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Govt sets out plans for £500 advice allowance but warns of fraud risks

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The Government is pushing ahead with plans to introduce a £500 allowance for retirement advice but warns there are fraud risks attached with using the allowance more than once.

The Treasury has published a consultation paper on how to implement a “pensions advice allowance”, as first proposed as part of the initial Financial Advice Market Review recommendations last year.

Under the allowance, consumers would be able to take £500 tax-free from their defined contribution pension to redeem against the cost of advice.

It would be available before the age of 55, though the Government is consulting on what age specifically would be appropriate.

The allowance would be on top of the tax-free lump sum.

At the Budget, the Government previously it would increase the tax exemption for employer arranged advice from £150 to £500.

The two measures together, which will come into effect from April, would give savers access to up to £1,000 of tax advantaged advice.

The Treasury is considering the use of the allowance more than once at different stages of retirement, such as retirement planning and long-term care costs.

But it says: “There is a trade-off to be made.

“Allowing multiple uses of the allowance would give consumers the ability to take advice when their needs change.

“However those who can afford to take financial advice regularly, or have an ongoing adviser relationship could receive the benefit many more times than those who don’t.”

The Treasury has also highlighted the increased risk of scammers using the allowance to further target pension pots.

It says: “There is also a risk of creating more opportunities for pension fraud.

“For example, if the allowance could be used an unlimited number of times, some people may see this as an opportunity to imitate an adviser and persuade individuals that they can withdraw the allowance multiple times from multiple pots for other uses.”

To counter this threat, the Treasury suggests limited the total number of times the allowance can be used, perhaps to three uses per person.

The consultation closes on 26 October.

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Comments

There are 13 comments at the moment, we would love to hear your opinion too.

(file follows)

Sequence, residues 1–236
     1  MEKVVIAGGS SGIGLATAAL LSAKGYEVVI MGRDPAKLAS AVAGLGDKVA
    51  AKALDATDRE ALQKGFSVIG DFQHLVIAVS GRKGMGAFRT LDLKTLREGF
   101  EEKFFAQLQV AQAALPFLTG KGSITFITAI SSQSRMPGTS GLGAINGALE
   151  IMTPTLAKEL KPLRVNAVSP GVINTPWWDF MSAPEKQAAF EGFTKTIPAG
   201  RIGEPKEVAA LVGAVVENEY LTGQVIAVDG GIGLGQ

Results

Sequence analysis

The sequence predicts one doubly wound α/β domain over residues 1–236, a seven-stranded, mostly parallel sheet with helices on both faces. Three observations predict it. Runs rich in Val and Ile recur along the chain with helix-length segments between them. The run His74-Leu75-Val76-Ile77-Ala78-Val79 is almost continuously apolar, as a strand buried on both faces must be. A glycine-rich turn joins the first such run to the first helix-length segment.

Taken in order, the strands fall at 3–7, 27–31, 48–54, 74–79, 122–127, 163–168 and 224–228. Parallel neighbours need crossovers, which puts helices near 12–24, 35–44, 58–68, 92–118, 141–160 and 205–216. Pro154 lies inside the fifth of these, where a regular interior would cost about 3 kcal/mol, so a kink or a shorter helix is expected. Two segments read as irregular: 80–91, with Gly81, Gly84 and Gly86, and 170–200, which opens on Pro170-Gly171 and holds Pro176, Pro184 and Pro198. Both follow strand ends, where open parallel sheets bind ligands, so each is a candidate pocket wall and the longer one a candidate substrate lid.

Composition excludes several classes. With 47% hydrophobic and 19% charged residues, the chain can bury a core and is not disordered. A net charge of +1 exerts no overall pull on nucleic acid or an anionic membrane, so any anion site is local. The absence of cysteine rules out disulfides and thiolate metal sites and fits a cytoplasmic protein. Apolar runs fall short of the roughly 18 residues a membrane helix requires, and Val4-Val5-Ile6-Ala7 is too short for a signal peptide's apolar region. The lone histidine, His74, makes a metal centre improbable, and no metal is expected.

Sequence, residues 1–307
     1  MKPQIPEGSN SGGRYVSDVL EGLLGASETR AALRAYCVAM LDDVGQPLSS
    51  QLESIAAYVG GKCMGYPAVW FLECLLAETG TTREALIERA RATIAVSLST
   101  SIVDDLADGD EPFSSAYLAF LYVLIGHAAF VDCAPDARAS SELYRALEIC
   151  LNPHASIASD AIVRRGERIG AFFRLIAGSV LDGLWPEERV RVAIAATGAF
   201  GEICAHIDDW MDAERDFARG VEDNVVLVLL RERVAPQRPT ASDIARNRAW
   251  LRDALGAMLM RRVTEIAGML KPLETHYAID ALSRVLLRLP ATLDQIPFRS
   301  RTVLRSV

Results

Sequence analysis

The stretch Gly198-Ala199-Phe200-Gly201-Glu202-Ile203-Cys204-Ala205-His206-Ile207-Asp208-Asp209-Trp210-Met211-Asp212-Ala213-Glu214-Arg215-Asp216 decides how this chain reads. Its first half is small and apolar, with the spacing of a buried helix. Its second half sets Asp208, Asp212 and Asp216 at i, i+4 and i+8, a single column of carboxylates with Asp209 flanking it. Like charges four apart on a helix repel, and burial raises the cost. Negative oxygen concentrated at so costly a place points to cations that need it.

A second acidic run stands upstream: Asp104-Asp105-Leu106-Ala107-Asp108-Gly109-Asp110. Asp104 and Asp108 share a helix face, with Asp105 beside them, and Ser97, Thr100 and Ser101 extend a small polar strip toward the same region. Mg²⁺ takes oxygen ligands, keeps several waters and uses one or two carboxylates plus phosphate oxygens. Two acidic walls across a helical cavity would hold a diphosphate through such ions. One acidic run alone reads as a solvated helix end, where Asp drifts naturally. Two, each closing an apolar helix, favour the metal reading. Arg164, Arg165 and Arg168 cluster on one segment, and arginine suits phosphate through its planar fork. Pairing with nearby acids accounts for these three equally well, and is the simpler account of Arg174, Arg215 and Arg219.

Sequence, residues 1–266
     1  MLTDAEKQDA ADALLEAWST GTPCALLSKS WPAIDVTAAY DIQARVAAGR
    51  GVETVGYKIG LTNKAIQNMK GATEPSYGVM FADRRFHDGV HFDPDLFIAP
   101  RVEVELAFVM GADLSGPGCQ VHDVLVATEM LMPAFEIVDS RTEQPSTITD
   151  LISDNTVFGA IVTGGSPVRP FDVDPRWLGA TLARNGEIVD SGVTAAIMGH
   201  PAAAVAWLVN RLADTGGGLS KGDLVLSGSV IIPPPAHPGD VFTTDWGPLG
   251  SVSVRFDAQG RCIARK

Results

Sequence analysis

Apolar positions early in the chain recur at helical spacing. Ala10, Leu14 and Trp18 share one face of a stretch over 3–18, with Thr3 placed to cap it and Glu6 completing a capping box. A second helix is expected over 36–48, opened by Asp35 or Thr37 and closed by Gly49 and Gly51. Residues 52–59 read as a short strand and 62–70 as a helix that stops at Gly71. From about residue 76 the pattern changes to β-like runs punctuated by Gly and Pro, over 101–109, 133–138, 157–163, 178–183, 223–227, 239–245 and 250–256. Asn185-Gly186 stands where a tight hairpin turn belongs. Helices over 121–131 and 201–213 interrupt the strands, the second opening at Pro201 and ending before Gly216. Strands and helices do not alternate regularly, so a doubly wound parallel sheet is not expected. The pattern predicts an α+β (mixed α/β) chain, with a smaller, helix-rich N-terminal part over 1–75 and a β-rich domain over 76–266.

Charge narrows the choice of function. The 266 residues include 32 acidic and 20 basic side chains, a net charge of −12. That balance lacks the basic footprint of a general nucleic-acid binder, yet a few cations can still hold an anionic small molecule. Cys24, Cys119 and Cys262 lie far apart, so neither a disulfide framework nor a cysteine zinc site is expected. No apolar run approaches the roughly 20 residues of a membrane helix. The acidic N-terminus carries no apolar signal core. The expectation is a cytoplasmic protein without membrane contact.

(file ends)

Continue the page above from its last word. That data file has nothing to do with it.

1. £500? It does make you wonder what connection with reality that the Treasury or the regulator has, if they think that retirement advice and all the associated hoops we have to jump through can be provided for anything approaching £500.

    Well if we are happy to work for and pay minimum wage, I suppose it might be.

  2. I am sure the insurers and SIPP providers will welcome the extra costs and administration. Clearly this is not aimed at our typical clients who pay fees or fund based service charges from their pension funds for advice anyway.

  3. What a rubbish idea and plan, and one that should be canned now !!

    If the government really wants to lower the cost of advice or indeed help those who cant afford to pay for advice it needs to start at the very root of the problem…….. regulation, not only its rules but the very beating heart the FCA !

    WHY SHOULD THE CONSUMER BE MADE TO PUT THEIR HANDS IN THEIR POCKETS EVEN DEEPER ?

    The FCA should have their budget cut by half !

    My companies biggest expenses are, the FCA, levies, compliance, PI and regulation has a got a lot to answer as to why, PI and compliance has increased so much over the past few years.

    By lowering cost for companies, it will not only help those with pensions but ALL who need financial advice (saving, investing, protection, mortgage, debt, young, old, etc etc etc).

    Also, and being brutally honest, £500 quid (for a new client) is not worth getting my pencil case out for ! (in the current climate)

    One only has to look at the demographics, the FCA cost the industry well over £500 million a year not taking into account the FSCS, FOS etc etc, now, how many “BILLIONS” has been lost to the industry by way of pension scams ?
    That is not the fault of the regulated advice sector (by and large) this lays squarely at the door, incompetent regulation, a rule book not fit for purpose and the allowing of “non-advice”,

    Make no mistake my clients pay for this ! they pay for the high salaries, the bonuses (that we are obliged to end), the endless scams, fund and company failures, levies ……….

    The truth is, the solution really is the problem…….